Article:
variations in the versions. He was convinced, but now he isn't as to what kind of
controls separate server from cloud editions. There were a couple of current
considerations that came to mind immediately that determine those differences. Thanks
to Matthew for helping us to tailor our discussion.

David Duncan mentioned in a recent Fedora Podcast with Grayson, that users who work
with Cloud instances in public cloud have access to the latest hardware and platform
specialities. Just like the flexibility users have in instance types, they require
flexibility in what they do on their instances. That means advanced specialized
functionality for the platform infrastructure with little to no additional
overhead. The mission of server includes preserving support for legacy hardware and
that's just not a critical focus for Cloud images.

Fedora Server has a strong requirement to remain stable, which is why, when the cloud
working group found that moving to btrfs as a file system was a compelling position,
Server edition working group members voiced concerns that users would not have access
to advanced RAID types in an attempt to identify that this was not the decision they
would make. For users adept in cloud configurations, it is well-known that the advanced
RAID types are not generally useful. The virtual volumes presented as hardware and used
by cloud consumers are typically already striped and redundant behind the hyperscaler
storage. Virtual volumes are elastic as a result and extend to match larger sizes
without requiring advanced RAID to achieve that outcome. What is useful to a
typical cloud user is advanced partitioning with subvolumes and additional methods for
handling dynamic snapshots and in cases where there are adjustments or updates to
deliver for new images cloud is focused on using techniques for fast API transfer, like
the ones found in coldsnap.

Cloud, not Server deals with hyperscaler platform variations, like the use of swap files
and power management in opportunistic compute power. That isn't an issue for Fedora
Server since the partitioning is expected to follow disk management practices. It might
be something that you want to address on workstation, but even then, using a swapfile
would be a strong deviation from the best practices for standard installations and
deployment. Workstation WG and Server WG are keenly focused on different support
goals. The FCOS WG is focused on building a foundation for lightweight clusters and
basic batch efforts. The difference in focus differentiates them. The Cloud WG is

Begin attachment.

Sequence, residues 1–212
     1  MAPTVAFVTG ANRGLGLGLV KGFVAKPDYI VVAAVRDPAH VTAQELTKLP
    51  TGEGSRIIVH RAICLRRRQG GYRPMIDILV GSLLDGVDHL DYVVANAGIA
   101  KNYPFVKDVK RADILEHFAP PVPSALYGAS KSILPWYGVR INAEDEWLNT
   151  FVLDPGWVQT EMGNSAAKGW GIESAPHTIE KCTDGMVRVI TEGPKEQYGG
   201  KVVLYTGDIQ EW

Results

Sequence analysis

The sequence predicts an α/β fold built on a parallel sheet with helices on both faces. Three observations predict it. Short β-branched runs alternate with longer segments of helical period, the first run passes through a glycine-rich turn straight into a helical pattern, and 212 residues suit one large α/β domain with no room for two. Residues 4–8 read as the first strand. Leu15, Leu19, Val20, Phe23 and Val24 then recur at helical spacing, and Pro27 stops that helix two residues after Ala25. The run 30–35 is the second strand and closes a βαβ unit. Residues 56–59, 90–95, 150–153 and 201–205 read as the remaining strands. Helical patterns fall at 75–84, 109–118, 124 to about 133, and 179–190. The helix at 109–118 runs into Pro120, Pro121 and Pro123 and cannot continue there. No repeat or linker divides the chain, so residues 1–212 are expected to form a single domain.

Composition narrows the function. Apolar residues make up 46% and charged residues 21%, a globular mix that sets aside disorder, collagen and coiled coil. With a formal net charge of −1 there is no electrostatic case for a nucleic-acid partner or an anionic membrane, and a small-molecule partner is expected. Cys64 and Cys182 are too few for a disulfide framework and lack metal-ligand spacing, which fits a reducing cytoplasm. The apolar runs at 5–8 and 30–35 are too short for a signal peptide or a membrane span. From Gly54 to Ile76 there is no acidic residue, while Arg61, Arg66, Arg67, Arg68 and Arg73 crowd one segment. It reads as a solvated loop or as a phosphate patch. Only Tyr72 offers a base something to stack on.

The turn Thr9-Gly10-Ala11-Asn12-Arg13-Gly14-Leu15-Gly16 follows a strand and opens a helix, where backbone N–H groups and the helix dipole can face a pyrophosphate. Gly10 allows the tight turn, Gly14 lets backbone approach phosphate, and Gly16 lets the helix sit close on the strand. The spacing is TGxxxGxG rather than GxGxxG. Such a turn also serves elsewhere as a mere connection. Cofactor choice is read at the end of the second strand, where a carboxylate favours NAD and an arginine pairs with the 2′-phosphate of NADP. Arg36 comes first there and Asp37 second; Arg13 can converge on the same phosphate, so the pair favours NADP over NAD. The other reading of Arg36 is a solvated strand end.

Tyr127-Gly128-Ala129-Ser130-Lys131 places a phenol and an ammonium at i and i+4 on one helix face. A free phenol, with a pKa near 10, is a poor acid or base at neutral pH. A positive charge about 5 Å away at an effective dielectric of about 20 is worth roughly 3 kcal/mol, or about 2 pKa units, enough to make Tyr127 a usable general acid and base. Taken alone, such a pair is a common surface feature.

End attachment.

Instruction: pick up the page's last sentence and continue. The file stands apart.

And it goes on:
valuable to both persistent and ephemeral users who are taking advantage of platform
features in their modernization.

This is by no means an exhaustive list of the distinctions in mission or functionality.

The Five Why's

Why is the Cloud Group being asked to reiterate their value when others are not as influential?

The cloud working group, while still active, was intended to fold into the Atomic
Working Group when it was stable. That never really happened. The Atomic Working Group
was dissolved in favor of the Fedora CoreOS alignment with Red Hat CoreOS when Red Hat
acquired CoreOS. The Cloud Working Group remained active throughout all of these changes
and so while there was a plan of action in the council to make the FCOS working group
replace the Atomic WG, there was no direct dissolution of the cloud working group
because it had remained active throughout. Now, there is a BZ that states that Cloud is
no longer an edition and that means the team will have to reestablish the status as an
edition.

Why are there people of the opinion that the Cloud Working Group could fold into another edition?

The Server Edition has a direct affiliation with the RHEL product line. It is a forgone
conclusion that it exists as an asset of continued significance with planned use in the
future. Therefore there is no way to remove it without creating a gap in the current
sponsorship. FCOS also has that same direct relationship with Red Hat CoreOS and cannot
deviate from the downstream alignment without creating uncertainty. The cloud image is
not currently connected to a release by a direct line. It merely informs the builds for
the cloud images for Red Hat Enterprise Linux. With the move to use BTRFS, there was a
strong divergence from Server. Moving the project under server would be a forcing
function for the group to revert changes that are beneficial to public and private cloud
initiatives in favor of legacy expectations.

With Workstation, there are similar concerns regarding the alignment. For developers and
site reliability engineers, there is no association with Workstation as a directive for
a minimal installation. It would be a considerable change for this group that has
historically been focused on Laptops and PC Hardware. The Target Audience would use easy
to configure virtual machines for development that isn't container specific. It is more
likely that those developers would benefit from the Fedora Cloud base images to achieve a
lightweight development environment that meets their requirements for a minimal install
environment and dynamic configuration through userdata and automation. Vagrant images
are also the product of the Cloud WG.

Why doesn't the cloud image base align with the rest of Fedora on a file system?

Fedora Workstation was the first to make the move to btrfs and it was alignment with
that existing direction that helped the Cloud WG to move the cloud images to deviate
from what the Server working group was doing. It was not expected that the Fedora Server
would be able to be consistent with these directives as there is not yet full support
for RAID5 and RAID6. Fedora CoreOS moved to XFS before workstation moved to btrfs for
reasons of alignment, but originally, they were openly using use of btrfs and that was
simply discouraged based on concerns related to issues of consistency and negative
perceptions of btrfs. With Fedora Cloud Base image, the advantages outweighed the
alternatives in moving away from ext4.